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finding a primary care doctor


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How do people here (or who do CR in general) find primary care physicians knowledgeable about CR, fasting, etc.?


One presumably wants someone who can spot when the "Optimal Nutrition" part of CRON isn't happening and monitor for other problems/side-effects of CR to make sure they don't get problematic, such as when bone density gets too low, when immune function is compromised, etc. in addition to when one goes too far into malnutrition.


Is there a list of CR-knowledgeable doctors somewhere? I live in San Francisco, so I would assume that I'm luckier than most about the likelihood of having an appropriate doctor nearby but I'm sure my current default family doctor hasn't read too much of the CR literature (or this site). And I didn't see this topic discussed previously when I did some Google searches on this site.




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Great question. We had a wiki at one point, with the beginnings of a list of CR-aware doctors/practitioners. It might be time for the CR Society to recreate the wiki. Google Drive may also work:


CR-aware healthcare practitioners.


For now, people could add to the above file if they know of CR-aware healthcare practitioners. Don't worry about formatting: that can be dealt with later. Just type away!


- Brian

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Anywhere near where I am it is completely unrealistic to expect to find a CR-aware GP who is still accepting new patients.


More realistic might be to find a *competent* GP who is open-minded in the case of those who are seriously interested in taking care of their health, in contrast to the average Joe who could hardly care less about it.  Such a doctor is likely to be much more responsive to people like us who are determined to do whatever it takes to remain healthy.  Such a doctor possibly, perhaps, maybe, might be understanding and *cooperative* -  if not knowledgable about - regarding CR.


One way I have found useful to measure a GP's suitability is to discreetly 'interview' them and ask the following question:


"Can you please tell me what I should be doing to make sure I remain healthy?"


The responses I have had to this question have really sorted out the sheep from the goats.  (And in my experience the majority have been goats,)  Responses have included:


A)  A dumb-struck vacant look, indicating they have never considered such a thing, and have no clue how to answer.  (Translation:  "If you don't have an ache how can I tell what pill to take, or which leg to cut off?")

B)  (To me as a patient then aged 40)  "Well, how do you feel?"  "I feel fine."  "In that case continue what you have been doing."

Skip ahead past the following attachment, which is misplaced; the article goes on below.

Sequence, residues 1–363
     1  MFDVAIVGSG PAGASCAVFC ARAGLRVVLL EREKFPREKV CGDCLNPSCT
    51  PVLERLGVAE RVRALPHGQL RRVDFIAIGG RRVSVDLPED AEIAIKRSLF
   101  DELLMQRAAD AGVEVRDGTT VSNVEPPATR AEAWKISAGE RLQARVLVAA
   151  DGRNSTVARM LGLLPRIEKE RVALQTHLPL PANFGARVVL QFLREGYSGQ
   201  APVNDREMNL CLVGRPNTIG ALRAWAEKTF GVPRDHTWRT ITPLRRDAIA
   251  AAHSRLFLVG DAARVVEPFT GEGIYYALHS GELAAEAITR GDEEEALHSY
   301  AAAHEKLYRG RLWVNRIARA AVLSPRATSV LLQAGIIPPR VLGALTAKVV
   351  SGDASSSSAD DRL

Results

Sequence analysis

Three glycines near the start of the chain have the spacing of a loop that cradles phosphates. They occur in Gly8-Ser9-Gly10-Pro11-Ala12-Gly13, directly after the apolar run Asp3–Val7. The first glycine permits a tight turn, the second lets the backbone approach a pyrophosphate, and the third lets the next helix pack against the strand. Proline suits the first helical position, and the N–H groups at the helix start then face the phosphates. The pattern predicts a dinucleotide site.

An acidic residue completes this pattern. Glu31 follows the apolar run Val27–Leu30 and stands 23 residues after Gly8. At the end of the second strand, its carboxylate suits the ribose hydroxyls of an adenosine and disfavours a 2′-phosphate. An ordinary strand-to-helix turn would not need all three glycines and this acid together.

C)  Quite recently:  "It is God who decides how long you are going to live and there is nothing you can do to change that, so there is no point in even trying.  These tests you want are all a waste of time and money.  You should stop worrying about your health."  (the intended meaning of the put-down, of course, being "you are a hypochondriac for asking that question, so get out of here."

D)  "Well some people think eating mainly a plant-based diet may reduce the risks of several major diseases."  I knew he was a Seventh Day Adventist, but he didn't know I knew!

E)  In 1982:   "It is unusual, and nice, to come across someone interested in preserving their health.  All the doctors I know complain they have no patients willing to change anything about their lifestyle in order to improve their health.  So how can I help?"


After the latter response I stopped looking any further!  She knew nothing about CR at the time (neither did I).  But she knew plenty of other stuff I didn't know about and was amazingly helpful to me over many years.  I have since moved to a location 1700 miles away, but would definitely fly back if necessary should I need urgent advice.  Besides, after 30 years of excellent advice, and starting CR as well, the chances I will need urgent advice are much diminished.


Hope this might help a bit.



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I suppose I should add that I have found www.ratemds.com to be really helpful to check out the opinions of patients about doctors.  My '1982' example quoted above has 25 reviews at ratemds.com, 24 of them glowingly complimentary and one obviously unreasonable negative one.  A doctor near where I am now also has 25 reviews, all of them saying: "at all costs avoid this doctor, she is totally incompetent" .


Of course the problem is that after a doctor already has enough reviews for a potential patient to get a feel for their suitability, the doctor will likely no longer be taking new patients.



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I'm lucky.


My Endocrinologist, Nephrologist and GP are CR-friendly.  I have a host of specialized doctors-- most members of the faculty of

Strong Memorial Hospital (recently renamed "UR Medicine"). E.g, my Endocrinologist is the head of Endocrinology at Strong; and my Nephrologist is well aware of the significance of serum IGF1, etc.


So, here's an (easy?) solution:  Become a Professor at UR!  (Or some other Research University.  Harvard's great!)




  -- Saul

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